Once you’ve discovered Bangkok’s public transit system, you’ll never take a taxi again.

In 2012, we ditched taxis (and mostly ditched tuk tuks – even though they’re so much fun). We discovered the public transit system in Bangkok. It’s a terrific way to get around this colossal city. Public transit here is made up of buses, riverboats, a small modern subway and a short Skytrain system. The other day, while on a particularly challenging problem-solving mission to sort out airline tickets, we traveled across the city and back using the riverboats, the old buses, the underground metro and the Skytrain. The subway and Skytrain are beautiful, modern systems. Chilled like refrigerators and packed with foreign tourists heading to shopping malls, they are modern systems that could be anywhere. But they are lacking in charm.

The older buses and the riverboats run by BTS (Bangkok Transit System) are our favourites. The ones real people use to go to work everyday. Smelly, loud and ancient, they are wabi-sabi [LINK: https://en.wikipedia.org/wiki/Wabi-sabi] incarnate: dented and scraped, chipped and faded, colourful exteriors. Wooden floors and simple interiors. They betray decades of service and everything works the way it needs to. There’s nothing flourished or fancy or put-on. On most, air conditioning is an open window.

The riverboats are amazing. Imagine a smaller, faster and narrower Star Ferry equipped with a massive and powerful diesel engine. The drivers are skilled, maneuvering the boats nimbly forward and reverse at each pier along the Chao Praya river. People hop on and off quickly as the boat stops for just a few seconds before roaring off to the next pier. It’s a ridiculously efficient way to get around and we love it.


What you see is what you get. It takes a little effort and some patience, but these buses and boats are cheap and reliable and will get you anywhere in the city. The engines howl. They spew black diesel like it’s 1952 and no one cares. But you’ll fall in love with them anyway.

At the bus stop, they come screeching to a halt, doors flung open and passengers jumping off while the bus is still moving. Then with a loud crank and banging noise, the driver slips it into gear and roars off. You settle into a seat or take a stand somewhere near a window.

As soon as you take a seat, you hear tschap-tschap-tschap…tschap…tschap… tschap, tschap, tschap. The sound of the ticket-takers clacking their round metal ticket tubes open and closed as they move up and down the bus taking fares and handing out tickets. The tubes are each decorated in unique ways. We’ve seen ones covered in stickers, some in colourful beads, others seemingly made from colourful scraps of metal. They take your 6.50 baht (about 25 cents), and using the metal tube, they tear off tickets and mark them with the appropriate rips that indicate direction and time of travel. It’s simple and efficient.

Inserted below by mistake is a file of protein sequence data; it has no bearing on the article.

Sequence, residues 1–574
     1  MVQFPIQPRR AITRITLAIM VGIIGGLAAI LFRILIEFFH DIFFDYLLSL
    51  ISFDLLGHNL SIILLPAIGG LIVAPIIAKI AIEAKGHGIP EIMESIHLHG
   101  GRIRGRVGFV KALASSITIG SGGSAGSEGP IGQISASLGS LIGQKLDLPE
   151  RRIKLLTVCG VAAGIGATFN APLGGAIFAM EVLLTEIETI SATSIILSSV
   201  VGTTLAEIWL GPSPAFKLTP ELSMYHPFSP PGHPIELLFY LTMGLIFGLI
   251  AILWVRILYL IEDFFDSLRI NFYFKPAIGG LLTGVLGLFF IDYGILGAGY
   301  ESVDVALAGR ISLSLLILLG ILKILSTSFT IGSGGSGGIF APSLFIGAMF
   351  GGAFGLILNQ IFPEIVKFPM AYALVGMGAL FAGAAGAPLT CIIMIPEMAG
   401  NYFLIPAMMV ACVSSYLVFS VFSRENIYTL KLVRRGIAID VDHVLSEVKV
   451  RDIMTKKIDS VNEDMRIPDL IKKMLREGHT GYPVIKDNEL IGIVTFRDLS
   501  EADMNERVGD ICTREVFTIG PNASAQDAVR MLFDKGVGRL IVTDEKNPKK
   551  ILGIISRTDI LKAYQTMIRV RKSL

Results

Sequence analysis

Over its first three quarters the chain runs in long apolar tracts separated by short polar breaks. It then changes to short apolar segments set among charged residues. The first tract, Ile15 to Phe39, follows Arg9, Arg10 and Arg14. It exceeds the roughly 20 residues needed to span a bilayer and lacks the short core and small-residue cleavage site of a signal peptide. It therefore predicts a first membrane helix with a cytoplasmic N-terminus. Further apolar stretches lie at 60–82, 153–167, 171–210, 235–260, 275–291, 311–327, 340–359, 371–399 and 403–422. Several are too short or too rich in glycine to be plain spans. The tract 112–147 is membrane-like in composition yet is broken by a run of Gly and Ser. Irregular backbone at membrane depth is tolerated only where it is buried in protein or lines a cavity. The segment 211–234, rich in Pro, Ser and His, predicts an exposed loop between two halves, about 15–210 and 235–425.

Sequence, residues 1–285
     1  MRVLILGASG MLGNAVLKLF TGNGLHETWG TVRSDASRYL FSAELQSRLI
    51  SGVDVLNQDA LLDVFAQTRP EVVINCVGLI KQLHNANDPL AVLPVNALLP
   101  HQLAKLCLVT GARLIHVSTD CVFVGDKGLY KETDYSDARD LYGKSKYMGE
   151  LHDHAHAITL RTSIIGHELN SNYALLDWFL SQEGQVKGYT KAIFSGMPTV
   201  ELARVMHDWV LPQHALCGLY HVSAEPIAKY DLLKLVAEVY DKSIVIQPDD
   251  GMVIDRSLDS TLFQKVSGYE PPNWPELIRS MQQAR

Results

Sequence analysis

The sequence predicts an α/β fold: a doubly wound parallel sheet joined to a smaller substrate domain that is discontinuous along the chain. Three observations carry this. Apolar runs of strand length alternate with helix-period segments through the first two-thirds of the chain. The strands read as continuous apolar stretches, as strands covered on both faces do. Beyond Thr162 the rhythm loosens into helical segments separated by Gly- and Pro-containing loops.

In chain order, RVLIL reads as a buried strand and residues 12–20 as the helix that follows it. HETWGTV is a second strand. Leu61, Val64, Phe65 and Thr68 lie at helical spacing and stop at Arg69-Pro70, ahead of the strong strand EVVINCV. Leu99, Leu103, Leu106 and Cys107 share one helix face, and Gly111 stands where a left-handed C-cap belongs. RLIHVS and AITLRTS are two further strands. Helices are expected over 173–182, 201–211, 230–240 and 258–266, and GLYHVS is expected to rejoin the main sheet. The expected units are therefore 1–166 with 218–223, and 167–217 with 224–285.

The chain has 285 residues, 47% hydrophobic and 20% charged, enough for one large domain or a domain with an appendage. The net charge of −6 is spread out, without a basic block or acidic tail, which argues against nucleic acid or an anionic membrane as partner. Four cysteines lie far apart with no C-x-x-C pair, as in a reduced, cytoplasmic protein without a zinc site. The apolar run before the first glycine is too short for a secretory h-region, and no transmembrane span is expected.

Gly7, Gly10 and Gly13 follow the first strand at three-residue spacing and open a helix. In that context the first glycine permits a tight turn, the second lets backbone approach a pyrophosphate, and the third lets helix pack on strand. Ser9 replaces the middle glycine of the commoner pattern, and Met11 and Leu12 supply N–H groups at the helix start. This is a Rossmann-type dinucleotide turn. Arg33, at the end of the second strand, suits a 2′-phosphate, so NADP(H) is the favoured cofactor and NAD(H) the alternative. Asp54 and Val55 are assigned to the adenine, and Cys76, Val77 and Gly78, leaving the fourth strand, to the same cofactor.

We’ve been to Bangkok many times. We usually stay for a just a week or two on our way to somewhere else. It’s our city of respite when we’ve been traveling in countries that are more challenging and we want a modernity break. Our most recent challenging country was the deeply frozen hell of Toronto. We’re glad to be in Bangkok’s warm embrace. We’ve decided to stay here for a month.

A month? In Bangkok? Yes. It’s an affordable and convenient place for Karen to work. It’s a fantastic place to wander and take photographs. And it’s a perfect place for us to plan out the next few months.

We’re heading to Hong Kong in March for a couple of weeks. We’ll meet up with some friends there and spend some quality time in one of our favourite cities on earth before moving further east.

We’ve each long wanted to visit Japan. In fact, Japan has been on our short list since before our very first sabbatical in 2007. But always somehow we’ve made the regrettable decision to skip it. For such a tiny country, there are literally thousands of places worthy of visiting there. Prioritizing them and working out a plan to visit is challenging. You have to decide what to miss. It’s an expensive place; so landing without a plan can cost you a fortune. We’ll spend a month there trying to get the most out of our short visit.

This week we’re off to Ayutthaya, the remains of Thailand’s ancient capital located a couple of hours north of Bangkok. There are several day tours available. An air-conditioned minibus journey with a guide; lunch is included.

But we’ve decided to get there on public transit. The number 53 to Hua Lamphong station; from there, we’ll take the train and a little ferry across the river to Ayutthaya. It’ll take a little longer, but the journey is always half the fun.

Till our next post, here are some more photos from the week.

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